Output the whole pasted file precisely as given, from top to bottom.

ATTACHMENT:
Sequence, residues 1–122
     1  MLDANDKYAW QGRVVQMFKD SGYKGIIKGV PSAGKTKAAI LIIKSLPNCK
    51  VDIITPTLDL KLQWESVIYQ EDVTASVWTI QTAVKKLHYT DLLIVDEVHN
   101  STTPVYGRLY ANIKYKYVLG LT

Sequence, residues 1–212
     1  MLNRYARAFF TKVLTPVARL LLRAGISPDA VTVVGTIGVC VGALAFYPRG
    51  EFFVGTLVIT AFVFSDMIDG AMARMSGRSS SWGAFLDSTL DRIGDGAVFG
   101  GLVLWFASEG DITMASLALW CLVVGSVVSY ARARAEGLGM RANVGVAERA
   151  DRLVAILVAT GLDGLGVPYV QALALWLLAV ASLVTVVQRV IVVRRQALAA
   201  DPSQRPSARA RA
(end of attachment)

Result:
Sequence, residues 1–122
     1  MLDANDKYAW QGRVVQMFKD SGYKGIIKGV PSAGKTKAAI LIIKSLPNCK
    51  VDIITPTLDL KLQWESVIYQ EDVTASVWTI QTAVKKLHYT DLLIVDEVHN
   101  STTPVYGRLY ANIKYKYVLG LT

Sequence, residues 1–212
     1  MLNRYARAFF TKVLTPVARL LLRAGISPDA VTVVGTIGVC VGALAFYPRG
    51  EFFVGTLVIT AFVFSDMIDG AMARMSGRSS SWGAFLDSTL DRIGDGAVFG
   101  GLVLWFASEG DITMASLALW CLVVGSVVSY ARARAEGLGM RANVGVAERA
   151  DRLVAILVAT GLDGLGVPYV QALALWLLAV ASLVTVVQRV IVVRRQALAA
   201  DPSQRPSARA RA